What does 2021 have in store for the global sports industry? The SMS team explores the trends they expect to see over the next 12 months.
Game, mindset and match – sport and mental health
Throughout 2021, the myriad benefits of sport for mental health will become more and more crystallised, and as this happens, we expect sport and exercise to be seen more and more as a necessity rather than a hobby. Lockdown has made millions of people around the world realise how much they miss sport and fresh air, and the result will be a more general focus on exercise and getting outside whether on your own, or with friends or family, with less emphasis on the content or structure of a sport and more on being active for its own sake. Accompanying this trend, sport will begin to be talked and written about as meditative, self-caring, escapist and other terms not traditionally used to describe exercise and fitness.
Making outdoors great again
Linked but separate to the point about mental health will be an increasing trend for exploration of the great outdoors. The number of Americans walking, hiking and running rose sharply in 2020, a pattern that is emblematic of one of the more positive side effects of the pandemic. As 2021 develops, we expect to see people continue to discover and realise the importance of fresh air for their mental and physical health. And, in the interlude until international travel becomes mainstream again, people will be more curious and eager than ever to discover the local hills, mountains, lakes, rivers and trails in their own countries. As this happens, and as young people get used to meeting their friends for walks rather than coffees or brunches, the image of ‘hiking’ or ‘rambling’ as pursuits for older people may start to be challenged.
Like the way you move
Moving, activity and exercise will become more creative, unstructured and enjoyable than ever before. Lockdown has broken down the classical templates of exercise and, with gyms closed for example, people are being forced to get creative about how they exercise. This has given permission and opportunity for people to adopt exercise regimes that work for them, often involving a combination of walking, running, leisure cycling, and home workouts. For gyms, this trend presents an existential threat, raising the possibility that the new year’s resolution crowd, so crucial to the finances of many sport centres, may get fit from home instead of in the gym. The growing availability of home workout classes, and decreasing costs of home subscription services like Peloton, both of which are less pressured in terms of body image and cost than traditional gyms, may mean more people getting fitter by staying at home.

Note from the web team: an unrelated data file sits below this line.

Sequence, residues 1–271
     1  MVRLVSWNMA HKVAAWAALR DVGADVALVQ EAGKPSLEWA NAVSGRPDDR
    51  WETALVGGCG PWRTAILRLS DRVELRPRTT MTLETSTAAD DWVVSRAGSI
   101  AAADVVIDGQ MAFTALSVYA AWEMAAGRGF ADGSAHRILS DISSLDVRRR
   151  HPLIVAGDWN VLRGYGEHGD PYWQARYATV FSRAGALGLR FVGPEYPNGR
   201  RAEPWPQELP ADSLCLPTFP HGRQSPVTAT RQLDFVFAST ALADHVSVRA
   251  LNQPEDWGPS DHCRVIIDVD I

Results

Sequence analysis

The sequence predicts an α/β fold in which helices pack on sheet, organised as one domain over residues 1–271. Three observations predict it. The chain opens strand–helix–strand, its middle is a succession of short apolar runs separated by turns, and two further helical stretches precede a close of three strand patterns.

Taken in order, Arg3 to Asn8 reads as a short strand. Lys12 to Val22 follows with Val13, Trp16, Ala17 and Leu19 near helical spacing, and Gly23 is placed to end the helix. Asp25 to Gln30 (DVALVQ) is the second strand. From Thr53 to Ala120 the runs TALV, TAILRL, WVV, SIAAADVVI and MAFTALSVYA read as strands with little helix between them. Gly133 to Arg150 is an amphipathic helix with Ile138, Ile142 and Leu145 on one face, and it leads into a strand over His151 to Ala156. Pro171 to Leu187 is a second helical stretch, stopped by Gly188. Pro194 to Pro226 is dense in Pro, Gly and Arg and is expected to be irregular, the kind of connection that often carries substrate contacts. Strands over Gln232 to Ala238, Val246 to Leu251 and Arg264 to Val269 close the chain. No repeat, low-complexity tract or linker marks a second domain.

Virtual runs on
Mass participation events were one of the major casualties in 2020 and are likely to continue to face cancellations, at least for the first half of the year. Events that depend on international participants will be even more complicated to stage, a development that may reduce the size of event fields even when racing does restart. At the same time, as travel does start to become normalised again, expect big ticket races and experiences to show renewed growth faster than more local destinations. Events like adventure marathons can combine athletic events with bucket list destinations including running the Great Wall of China, a South African safari marathon or a temple run in Myanmar. It may be easier to convince consumers to arrange pre-departure tests or quarantine on return from this kind of bucket list trip than it is from a short-haul destination. In the short-term, expect to see the growth of virtual races and series. Even the London Marathon, which was a virtual only race in 2020, anticipates operating both a physical and virtual race in October 2021. Where virtualisation is not possible, in tourism reliant sports like skiing and scuba diving for example, 2021 will be an extremely difficult year. For spectators, the short-term future will be one of following teams and events virtually rather than online. As businesses adapt to cater for these virtual fans and the at home ‘matchday experience’ gets ever closer to the stadium, there will be long-term challenges relating to stagnation in attendance, particularly when considered in the context of the ageing population of traditional sports fans. SMS is currently running a syndicated tourism monitor to help the golf industry adapt for 2021 and beyond.
Pedal powers up
The global bike boom shows no sign of stopping, and if anything, cycling has all the tools to thrive even more in 2021 than it did in 2020. A year of unprecedented growing press attention and public awareness will fuel further sales, provided the industry can overcome not insubstantial supply chain issues that arose in the second half of 2020. Markets for growing categories such as leisure bikes and e-bikes will gain further momentum. If and when commuting does become part of people’s lives again, folding bikes could start to fly off shelves again too, with personal travel being preferred to public transport. With active travel benefitting mental and physical health, the climate, air pollution and consumers’ wallets, there are simply too many advantages for this to be a flash in the pan. SMS will explore the cycling trends in more detail throughout the year using data from the Bicycle Association Cycling Market Data Service, powered by SMS, a tool that now holds over 700,000 SKUs, and 28M lines of sales data.